Giving Thanks for Autism

Note: Since this is still November, a month in which we emphasize thanksgiving, I thought I would recycle this blog post from a few months ago. Next Monday will be A Faith Test for Writers, Part 2. Thanks for the read!

Some may think this a strange title for a post.

When parents watch their child from birth and notice difficulties with speech, or perhaps no speech at all, and they struggle with their child’s temper tantrums when routines are disrupted, and then finally learn their child is autistic, they usually do not rejoice.

Yet doesn’t the Bible teach us to give thanks always, to rejoice always?

And, may I submit, parents may actually have reasons for rejoicing and giving thanks. Many people with autism are remarkable people with remarkable strengths. Their brains function differently than the so-called normal brains, but that may actually be a good thing. A very good thing.

For example, one twelve-year-old, Jacob Barnett, diagnosed with autism, is challenging Einstein’s Theory of Relativity. Jacob has an IQ of 170 and left high school at the age of eight. Eight.Here’s Jacob Barnett in 2009 discussing dark matter.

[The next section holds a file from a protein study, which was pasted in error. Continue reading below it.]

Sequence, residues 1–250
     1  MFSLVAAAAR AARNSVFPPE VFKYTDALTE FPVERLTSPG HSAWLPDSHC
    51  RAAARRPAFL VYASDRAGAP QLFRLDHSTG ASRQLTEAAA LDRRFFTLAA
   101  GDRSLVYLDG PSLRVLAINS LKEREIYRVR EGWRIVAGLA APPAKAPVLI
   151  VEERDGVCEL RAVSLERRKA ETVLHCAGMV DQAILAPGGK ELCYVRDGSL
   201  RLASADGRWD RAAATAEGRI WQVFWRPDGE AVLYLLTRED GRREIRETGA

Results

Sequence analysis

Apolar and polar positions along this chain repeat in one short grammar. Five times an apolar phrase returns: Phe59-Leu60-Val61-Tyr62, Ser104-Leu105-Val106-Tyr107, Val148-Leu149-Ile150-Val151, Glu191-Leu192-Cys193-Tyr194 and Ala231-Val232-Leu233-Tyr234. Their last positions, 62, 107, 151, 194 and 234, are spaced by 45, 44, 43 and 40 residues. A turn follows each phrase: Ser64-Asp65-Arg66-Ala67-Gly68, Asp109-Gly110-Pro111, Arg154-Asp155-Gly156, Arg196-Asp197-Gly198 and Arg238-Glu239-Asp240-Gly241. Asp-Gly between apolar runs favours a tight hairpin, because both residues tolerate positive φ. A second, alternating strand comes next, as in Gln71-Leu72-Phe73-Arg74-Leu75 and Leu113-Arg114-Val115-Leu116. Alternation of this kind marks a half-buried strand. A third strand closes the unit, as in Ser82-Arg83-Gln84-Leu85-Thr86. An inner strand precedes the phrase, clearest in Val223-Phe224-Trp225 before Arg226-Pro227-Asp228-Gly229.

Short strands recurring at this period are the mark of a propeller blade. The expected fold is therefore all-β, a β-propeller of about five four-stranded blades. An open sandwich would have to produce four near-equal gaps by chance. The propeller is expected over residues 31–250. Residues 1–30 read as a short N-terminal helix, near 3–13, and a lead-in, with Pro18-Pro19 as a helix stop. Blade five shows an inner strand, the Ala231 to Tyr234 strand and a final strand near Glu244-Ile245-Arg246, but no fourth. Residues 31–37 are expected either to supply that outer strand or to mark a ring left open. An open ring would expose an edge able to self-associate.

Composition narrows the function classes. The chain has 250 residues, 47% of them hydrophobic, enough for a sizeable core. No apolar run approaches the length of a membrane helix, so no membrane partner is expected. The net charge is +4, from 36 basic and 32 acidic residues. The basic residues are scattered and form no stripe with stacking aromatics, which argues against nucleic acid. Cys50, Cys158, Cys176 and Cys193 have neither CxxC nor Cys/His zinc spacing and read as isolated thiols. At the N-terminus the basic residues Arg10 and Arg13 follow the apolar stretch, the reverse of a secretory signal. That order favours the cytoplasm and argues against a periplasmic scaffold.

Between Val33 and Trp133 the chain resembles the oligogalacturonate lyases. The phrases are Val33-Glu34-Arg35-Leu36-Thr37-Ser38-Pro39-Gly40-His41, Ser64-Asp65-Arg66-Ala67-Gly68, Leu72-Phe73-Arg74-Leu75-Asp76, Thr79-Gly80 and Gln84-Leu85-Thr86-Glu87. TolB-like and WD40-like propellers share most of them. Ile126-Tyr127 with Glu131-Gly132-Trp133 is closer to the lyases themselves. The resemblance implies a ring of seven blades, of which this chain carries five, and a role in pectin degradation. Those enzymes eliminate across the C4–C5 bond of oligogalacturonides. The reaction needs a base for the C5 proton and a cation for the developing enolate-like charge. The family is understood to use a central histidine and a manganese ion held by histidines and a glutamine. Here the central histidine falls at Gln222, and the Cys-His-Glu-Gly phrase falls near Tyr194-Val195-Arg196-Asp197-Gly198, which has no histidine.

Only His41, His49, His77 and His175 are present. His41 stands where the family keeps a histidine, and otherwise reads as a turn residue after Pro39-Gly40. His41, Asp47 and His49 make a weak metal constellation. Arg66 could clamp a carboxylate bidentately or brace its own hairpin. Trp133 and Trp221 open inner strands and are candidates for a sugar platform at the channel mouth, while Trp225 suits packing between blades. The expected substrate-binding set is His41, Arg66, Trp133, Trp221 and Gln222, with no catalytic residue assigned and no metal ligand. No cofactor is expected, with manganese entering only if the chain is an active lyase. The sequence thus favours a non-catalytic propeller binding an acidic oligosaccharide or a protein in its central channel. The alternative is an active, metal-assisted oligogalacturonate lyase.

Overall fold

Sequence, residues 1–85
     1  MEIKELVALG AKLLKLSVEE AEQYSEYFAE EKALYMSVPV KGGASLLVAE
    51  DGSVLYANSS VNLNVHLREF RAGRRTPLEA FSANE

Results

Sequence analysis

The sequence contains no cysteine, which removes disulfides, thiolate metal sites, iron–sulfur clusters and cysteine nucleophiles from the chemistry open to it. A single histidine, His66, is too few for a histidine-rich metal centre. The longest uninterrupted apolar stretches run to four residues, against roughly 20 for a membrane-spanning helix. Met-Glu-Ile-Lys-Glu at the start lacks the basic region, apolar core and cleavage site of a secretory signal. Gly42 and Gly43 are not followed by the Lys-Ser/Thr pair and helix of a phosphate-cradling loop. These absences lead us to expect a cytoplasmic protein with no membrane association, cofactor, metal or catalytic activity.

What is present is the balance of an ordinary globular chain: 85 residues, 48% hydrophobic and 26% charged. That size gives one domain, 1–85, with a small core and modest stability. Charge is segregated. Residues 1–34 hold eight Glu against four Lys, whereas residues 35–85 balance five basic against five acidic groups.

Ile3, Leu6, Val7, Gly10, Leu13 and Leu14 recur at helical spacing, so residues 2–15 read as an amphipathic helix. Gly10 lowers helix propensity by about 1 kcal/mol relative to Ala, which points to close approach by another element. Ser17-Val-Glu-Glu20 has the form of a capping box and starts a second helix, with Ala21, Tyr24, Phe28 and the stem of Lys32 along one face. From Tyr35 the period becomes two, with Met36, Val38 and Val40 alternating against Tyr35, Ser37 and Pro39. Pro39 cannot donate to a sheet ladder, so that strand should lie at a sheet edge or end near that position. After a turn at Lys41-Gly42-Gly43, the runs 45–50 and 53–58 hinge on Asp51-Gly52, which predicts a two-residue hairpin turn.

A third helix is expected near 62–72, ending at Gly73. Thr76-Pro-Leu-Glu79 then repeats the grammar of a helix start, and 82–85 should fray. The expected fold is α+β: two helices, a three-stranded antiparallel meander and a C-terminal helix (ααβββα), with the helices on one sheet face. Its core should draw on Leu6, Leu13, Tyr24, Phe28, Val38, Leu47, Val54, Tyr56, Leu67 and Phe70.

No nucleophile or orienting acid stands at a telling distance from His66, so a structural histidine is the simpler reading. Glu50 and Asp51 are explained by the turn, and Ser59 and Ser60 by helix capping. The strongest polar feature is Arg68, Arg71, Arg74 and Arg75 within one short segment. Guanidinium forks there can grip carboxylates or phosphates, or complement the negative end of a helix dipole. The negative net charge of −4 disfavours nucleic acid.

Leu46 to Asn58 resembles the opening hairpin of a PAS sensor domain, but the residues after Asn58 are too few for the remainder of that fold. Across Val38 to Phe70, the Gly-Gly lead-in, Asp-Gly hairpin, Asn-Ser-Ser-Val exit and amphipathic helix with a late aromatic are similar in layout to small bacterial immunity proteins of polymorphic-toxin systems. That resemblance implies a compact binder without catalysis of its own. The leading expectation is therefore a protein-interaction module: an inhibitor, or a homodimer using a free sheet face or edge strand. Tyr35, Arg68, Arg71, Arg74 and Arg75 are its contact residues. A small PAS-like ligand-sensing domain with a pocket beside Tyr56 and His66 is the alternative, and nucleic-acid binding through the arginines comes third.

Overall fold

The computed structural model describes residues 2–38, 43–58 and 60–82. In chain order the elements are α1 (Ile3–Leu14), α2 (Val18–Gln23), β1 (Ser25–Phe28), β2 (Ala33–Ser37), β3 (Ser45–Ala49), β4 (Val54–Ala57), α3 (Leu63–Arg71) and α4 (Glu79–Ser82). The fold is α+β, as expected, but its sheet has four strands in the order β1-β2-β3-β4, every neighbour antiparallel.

Albert Einstein himself was believed to be autistic. Other famous people who may have been autistic were Mozart, Emily Dickinson, Lewis Carroll, Isaac Newton, and Thomas Jefferson, to name but a few.

Autistic people “have unique strengths such as memory, attention to detail and the ability to keep track of seemingly unrelated facts. These strengths are very useful in computer and engineering fields. . . Autistic people can easily identify shapes embedded in designs or individual notes embedded in musical chords – shapes and patterns that normal people often do not see. This ability to think and see in patterns means the autistic brain has the potential for unusual excellence in math, chess, computer programming, music, engineering and physics.” (Read more at Suite101: New Research on Autism Reveals Benefits

On American Idol this season is an autistic named James Durbin. He has been diagnosed with Asperger’s (a form of autism) as well as Tourette’s Syndrome. Despite, or perhaps because of his Asperger’s, he is one of the frontrunners. Time will tell if he is able to excel in a musical career.

This is Durbin, before becoming a contestant, singing “The Star Spangled Banner”:

For the Mozarts, the Dickinsons, the Barnetts and the Durbins, for all the autistics who enrich our lives and leave us in awe, I give thanks and rejoice that God has seen fit to bless us with them.



Popular Posts